When Jesus walked around Jerusalem, the Great Temple was still standing in its full seven-story glory. The ancient, first temple, that Solomon built had been destroyed by the Babylonians in their conquest. Remnants of it remained, and were part of the campus of the Great Temple: The Tower of Siloam. The Portico of Solomon.
And some made it a point to worship in these remnants, rather than in the Great Temple itself, because of their intense dislike of the Herod dynasty, which had been placed in power by Caesar about fifty years before. The Great Temple priesthood worked hand in glove with the Herods, serving their interests with prayers, public honor, and by turning a blind eye to their greed and corruption.
The worst Temple offense, to the devout, was that the priesthood allowed the reigning Herod to draw heavily on the Temple bank, money that was supposed to be for the poor and needy. (This was roughly the equivalent of Congress allowing Ronald Reagan to use the Social Security Reserves for military spending.)
All this is an unspoken part of the conversation John retells, between Jesus and the Pharisees, in the Portico of Solomon, a remnant of Solomon’s ancient temple, which, in the minds of the people, held the Messianic tradition with open pride.
Are you the Messiah or not??!! the Pharisees ask him urgently, daringly. The whole Messianic tradition is considered dangerous by the Herods, and by the Roman Governors. It’s a Black-Lives-Matter kind of prayer-group cum political movement. Revolutionary language is spoken here. For the Pharisees to raise this question in public is a risk. And they do so with yearning.
There is an agenda for the Jewish Messiah, and everyone knows it: the Messiah will become king and: rule with justice for the poor and weak, restore right worship (since the Romans pulled down the Great Temple in 70AD, this has become rebuilding the temple), and build peace with all Israel’s neighbors.
Why is Jesus in the Portico of Solomon? The place cloaks him with its majesty and its Messianism.Yet his answer confounds them. He knows they mean, by their question, mighty doing, Messiah-deeds of power and light. But he answers only about being. About being beloved. About enfolding those who love him in the pure light and life of belovedness. About those who love him being beyond confusion about who he is. About his complete unity with God.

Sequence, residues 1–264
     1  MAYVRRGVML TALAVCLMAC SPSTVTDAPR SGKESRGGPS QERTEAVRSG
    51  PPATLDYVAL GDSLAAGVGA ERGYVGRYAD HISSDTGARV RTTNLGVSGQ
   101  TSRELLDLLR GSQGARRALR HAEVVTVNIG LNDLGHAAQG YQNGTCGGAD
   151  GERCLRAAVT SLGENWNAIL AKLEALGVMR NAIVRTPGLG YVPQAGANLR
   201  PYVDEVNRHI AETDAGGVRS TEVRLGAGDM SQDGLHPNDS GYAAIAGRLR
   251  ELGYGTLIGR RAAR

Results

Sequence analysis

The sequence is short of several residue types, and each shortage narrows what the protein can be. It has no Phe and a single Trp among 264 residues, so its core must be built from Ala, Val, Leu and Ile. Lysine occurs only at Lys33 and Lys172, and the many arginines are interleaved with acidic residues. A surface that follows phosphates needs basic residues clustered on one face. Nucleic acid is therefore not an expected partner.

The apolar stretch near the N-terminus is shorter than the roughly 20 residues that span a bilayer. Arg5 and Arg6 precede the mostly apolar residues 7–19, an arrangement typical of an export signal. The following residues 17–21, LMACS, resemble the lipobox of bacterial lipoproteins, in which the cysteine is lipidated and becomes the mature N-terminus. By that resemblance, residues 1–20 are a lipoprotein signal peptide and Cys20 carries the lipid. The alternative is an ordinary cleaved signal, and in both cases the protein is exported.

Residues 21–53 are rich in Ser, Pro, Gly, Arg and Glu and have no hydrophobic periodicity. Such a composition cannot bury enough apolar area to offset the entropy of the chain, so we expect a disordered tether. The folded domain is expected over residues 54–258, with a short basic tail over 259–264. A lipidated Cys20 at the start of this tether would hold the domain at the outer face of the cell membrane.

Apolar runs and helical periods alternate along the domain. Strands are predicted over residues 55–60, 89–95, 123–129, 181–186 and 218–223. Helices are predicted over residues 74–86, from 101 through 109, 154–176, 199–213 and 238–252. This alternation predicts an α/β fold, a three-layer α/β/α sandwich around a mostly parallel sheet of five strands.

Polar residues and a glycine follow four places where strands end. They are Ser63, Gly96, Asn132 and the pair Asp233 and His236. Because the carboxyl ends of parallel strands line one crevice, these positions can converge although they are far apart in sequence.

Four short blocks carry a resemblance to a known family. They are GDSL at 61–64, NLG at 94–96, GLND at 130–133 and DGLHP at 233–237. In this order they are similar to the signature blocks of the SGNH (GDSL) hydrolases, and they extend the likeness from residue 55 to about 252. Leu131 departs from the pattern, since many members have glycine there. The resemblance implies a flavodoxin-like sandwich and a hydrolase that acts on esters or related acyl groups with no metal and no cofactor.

He has spoken often, and in many places, about justice for the poor, true relationship with God, and peace for all. Yet the power of the unjust, the corrupt, and the violent remains unaltered. Is Jesus the Messiah?
Those who ask are longing for a sea change in the order of the world they know. An Apcalyptic battle and Victory. Not for the presence of God in a world going along as it always has. Not for a reign without a sword. Not for embracing Rome as a friendly nation. The redemption of Rome is not on the Messiah’s to-do list, according to the prophets.
And what of us? Will we accept, in our struggle with ISIS, a victory that is not decisive? Will this fulfill our longing for a just world? Will we offer prayers of honor for God’s eternal love and for eternal life within that, when the world we live in is still violently unjust? Is Jesus Messiah enough for us, in his oneness with God? Or do we still believe we are kept free and made safe by great generals and vast armies?
Is the Messiah accountable to our human expectations? To the agenda of the ancestors? To expectations of an End Time? To the prayers of the suffering and the frightened?
Aren’t these paramount questions in the 2016 election? In both parties, isn’t there a war of words being fought over these questions?
Yet, the strongmen who have assumed the thrones of the world have turned into evil men, over and over. From Hitler to Batista, from Mussolini to Papa Doc Duvalier, the poor have languished under their cruelty, and they have extinguished the fires of faith in many places. Does this still remain the image of the Messiah for whom we pray?
And haven’t we, every single day, the opportunity to sit down at the tables of the world where peace can be made and war ended, and the opportunity to work with the poor to bring about justice?
How, then, shall we worship? Is Jesus the Messiah? Or not?
Image: Jesus Walks in the Portico of Solomon (Jésus se promène dans le portique de Salomon), by James Tissot. 1886-1896. Opaque watercolor over graphite on gray wove paper. Brooklyn Museum. Purchased by public subscription. Commons. Wikimedia.